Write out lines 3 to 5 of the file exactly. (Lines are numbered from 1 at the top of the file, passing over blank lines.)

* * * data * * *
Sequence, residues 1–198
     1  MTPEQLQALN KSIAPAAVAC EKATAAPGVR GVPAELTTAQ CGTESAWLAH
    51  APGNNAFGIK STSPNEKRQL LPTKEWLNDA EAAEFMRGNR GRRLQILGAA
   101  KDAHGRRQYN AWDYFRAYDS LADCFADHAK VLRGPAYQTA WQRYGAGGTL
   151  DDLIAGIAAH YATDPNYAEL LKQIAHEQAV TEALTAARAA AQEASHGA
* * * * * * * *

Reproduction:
    51  APGNNAFGIK STSPNEKRQL LPTKEWLNDA EAAEFMRGNR GRRLQILGAA
   101  KDAHGRRQYN AWDYFRAYDS LADCFADHAK VLRGPAYQTA WQRYGAGGTL
   151  DDLIAGIAAH YATDPNYAEL LKQIAHEQAV TEALTAARAA AQEASHGA